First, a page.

Glenn Holland continues to have a torn and troubled relationship with his growing child into the teen years.

That is until the child fires back in an incredibly poignant scene: 

(Transcript from the film Mr. Holland's Opus, as taken from IMDB)

Iris Holland: [Iris is translating Cole's signing for Glenn] Why do you assume that John Lennon's death would mean nothing to me? Do you think I'm stupid? I know who John Lennon is.
Glenn Holland: [Glenn turns to Iris] I never said that he...
Iris Holland: [Iris continues translating] I cant read your lips if you don't look at me.
Glenn Holland: [Glenn looks back at Cole] I never said you were stupid
Iris Holland: You must think so. If you think I don't know who The Beatles are or any music at all. You think I don't care about what it is you do or what you love? You're my father. I know what music is. You could help me to know it better, but - no. You care more about teaching other people than you do about me.
Glenn Holland: [Cole makes a final gesture, Iris doesn't translate it] Iris... What does this mean
Iris Holland: That means "asshole".

No, Cole was not 'stupid'. Cole was not incapable of grasping the incredible events happening around him.

Not being able to hear is not the same as not being able to understand.

Not being able to speak is not the same as having nothing to say.


By the age of three, Sam had not acquired any functional use of language. He intonated- mades sounds to express glee, frustration, or anger- but we were told that these did not count as "communication". "He is just making sounds," said the SLPs. "They don't have meaning."

We were told that he was shut out from the world, possibly not even understanding the emotions and experiences of those around him.

We were told he might never learn to communicate.

"Low functioning" they say. As if words are the only expression of capacity.


Something changed for Glenn Holland the day that his son expressed to him that he was truly capable of understanding and relating to the world despite his disability. Something in his heart softened. Something in his mind opened.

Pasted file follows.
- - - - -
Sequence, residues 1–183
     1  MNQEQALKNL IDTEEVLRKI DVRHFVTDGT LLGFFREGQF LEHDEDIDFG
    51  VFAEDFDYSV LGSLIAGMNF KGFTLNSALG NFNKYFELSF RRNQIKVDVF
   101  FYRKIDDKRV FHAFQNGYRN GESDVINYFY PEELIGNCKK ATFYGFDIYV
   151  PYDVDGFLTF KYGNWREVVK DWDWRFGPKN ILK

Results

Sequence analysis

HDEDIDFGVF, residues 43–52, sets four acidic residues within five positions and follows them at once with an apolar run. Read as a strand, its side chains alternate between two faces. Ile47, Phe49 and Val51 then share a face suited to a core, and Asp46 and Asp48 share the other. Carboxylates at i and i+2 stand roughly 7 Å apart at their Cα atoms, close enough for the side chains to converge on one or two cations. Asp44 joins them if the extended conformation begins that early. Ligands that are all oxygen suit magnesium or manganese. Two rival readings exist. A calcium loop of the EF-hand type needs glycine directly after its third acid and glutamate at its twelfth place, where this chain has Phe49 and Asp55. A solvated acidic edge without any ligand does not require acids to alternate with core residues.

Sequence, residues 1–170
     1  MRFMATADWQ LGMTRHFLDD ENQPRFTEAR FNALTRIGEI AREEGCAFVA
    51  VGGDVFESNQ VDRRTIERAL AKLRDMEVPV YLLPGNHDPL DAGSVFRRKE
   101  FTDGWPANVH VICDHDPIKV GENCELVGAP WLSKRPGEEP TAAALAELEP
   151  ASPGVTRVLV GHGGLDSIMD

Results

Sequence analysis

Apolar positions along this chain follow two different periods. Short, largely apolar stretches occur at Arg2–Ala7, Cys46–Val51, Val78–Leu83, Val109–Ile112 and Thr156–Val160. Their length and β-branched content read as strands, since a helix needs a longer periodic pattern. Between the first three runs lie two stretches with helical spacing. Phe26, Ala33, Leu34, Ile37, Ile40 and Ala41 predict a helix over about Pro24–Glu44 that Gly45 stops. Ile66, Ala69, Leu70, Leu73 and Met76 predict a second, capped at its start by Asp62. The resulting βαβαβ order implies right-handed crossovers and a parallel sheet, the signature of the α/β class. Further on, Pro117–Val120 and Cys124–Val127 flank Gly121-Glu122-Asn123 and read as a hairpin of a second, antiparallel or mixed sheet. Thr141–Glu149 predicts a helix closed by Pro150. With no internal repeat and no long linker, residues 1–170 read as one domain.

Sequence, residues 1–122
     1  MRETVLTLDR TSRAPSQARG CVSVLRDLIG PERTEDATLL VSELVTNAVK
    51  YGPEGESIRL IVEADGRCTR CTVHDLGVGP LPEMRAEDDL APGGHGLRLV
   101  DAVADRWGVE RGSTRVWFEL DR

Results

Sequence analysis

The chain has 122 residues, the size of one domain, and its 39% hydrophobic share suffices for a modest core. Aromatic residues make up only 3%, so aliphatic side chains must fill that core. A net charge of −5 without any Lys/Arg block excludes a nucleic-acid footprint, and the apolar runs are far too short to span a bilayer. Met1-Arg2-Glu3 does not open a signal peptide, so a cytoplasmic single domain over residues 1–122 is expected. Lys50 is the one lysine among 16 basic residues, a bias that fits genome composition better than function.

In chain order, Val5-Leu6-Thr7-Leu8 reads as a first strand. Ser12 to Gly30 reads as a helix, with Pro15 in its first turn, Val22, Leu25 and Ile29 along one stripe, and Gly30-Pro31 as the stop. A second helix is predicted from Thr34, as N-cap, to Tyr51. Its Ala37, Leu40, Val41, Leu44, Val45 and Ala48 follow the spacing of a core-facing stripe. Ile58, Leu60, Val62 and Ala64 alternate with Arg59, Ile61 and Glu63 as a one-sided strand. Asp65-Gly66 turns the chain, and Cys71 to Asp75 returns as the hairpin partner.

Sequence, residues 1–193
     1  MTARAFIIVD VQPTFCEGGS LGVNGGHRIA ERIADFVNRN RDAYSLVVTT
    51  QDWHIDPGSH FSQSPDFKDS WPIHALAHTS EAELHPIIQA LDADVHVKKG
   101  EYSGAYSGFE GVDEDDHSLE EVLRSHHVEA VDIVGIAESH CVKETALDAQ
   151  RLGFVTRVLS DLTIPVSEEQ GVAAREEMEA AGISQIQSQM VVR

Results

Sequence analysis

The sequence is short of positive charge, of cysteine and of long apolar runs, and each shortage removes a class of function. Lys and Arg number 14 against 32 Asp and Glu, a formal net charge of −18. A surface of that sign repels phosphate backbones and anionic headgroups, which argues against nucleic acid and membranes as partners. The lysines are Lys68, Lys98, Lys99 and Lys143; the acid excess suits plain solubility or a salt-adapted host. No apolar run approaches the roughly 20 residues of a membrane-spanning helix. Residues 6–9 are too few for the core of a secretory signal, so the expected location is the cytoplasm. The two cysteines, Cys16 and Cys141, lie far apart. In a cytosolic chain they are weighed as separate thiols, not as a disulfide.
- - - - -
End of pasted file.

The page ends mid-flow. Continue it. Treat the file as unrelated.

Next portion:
A connection was made.

And he became a very different person.

A very different father.

He learned- through the example of Beethoven and hearing through vibration- that music could be accommodated to meet his son's needs. He learned that while Cole might never be able to hear with his ears, he could hear with his heart and experience its pleasures.

He created music for the deaf. And he told his son that he was beautiful.


Music has always resonated with Sam. It should not be surprising to me since his father and I are both musicians, and music occupies a deep and meaningful place in our lives.

When he was about three and half, Sam discovered an app on his ipad that played his favourite song.

"Twinkle Twinkle, Little Star"

He played it over and over.

You could tell he loved it.

Even if he couldn't tell me so...

Until one day he did.


From the darkness of his room, lit only by his ipad, I could hear his little voice 'intonating'.

"It means nothing," they told me. "It's just sounds."

Until the sounds take shape. And a song is formed.

And my child sang. For the very first time. 

But it would not be the last.

I have often been told that my voice is like the song of God, written on my heart.
That when I sing, it is like to the voices of angels, heard on earth. 

Well, I don't know much about God's music preference.

But I do know a thing about beauty.